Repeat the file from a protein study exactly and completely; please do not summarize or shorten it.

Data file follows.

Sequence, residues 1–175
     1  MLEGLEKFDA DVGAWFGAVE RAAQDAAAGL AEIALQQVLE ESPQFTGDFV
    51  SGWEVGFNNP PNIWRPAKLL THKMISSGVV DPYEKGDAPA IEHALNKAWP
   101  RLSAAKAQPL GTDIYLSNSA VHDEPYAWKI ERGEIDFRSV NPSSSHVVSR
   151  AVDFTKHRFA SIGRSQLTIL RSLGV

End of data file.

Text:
Sequence, residues 1–175
     1  MLEGLEKFDA DVGAWFGAVE RAAQDAAAGL AEIALQQVLE ESPQFTGDFV
    51  SGWEVGFNNP PNIWRPAKLL THKMISSGVV DPYEKGDAPA IEHALNKAWP
   101  RLSAAKAQPL GTDIYLSNSA VHDEPYAWKI ERGEIDFRSV NPSSSHVVSR
   151  AVDFTKHRFA SIGRSQLTIL RSLGV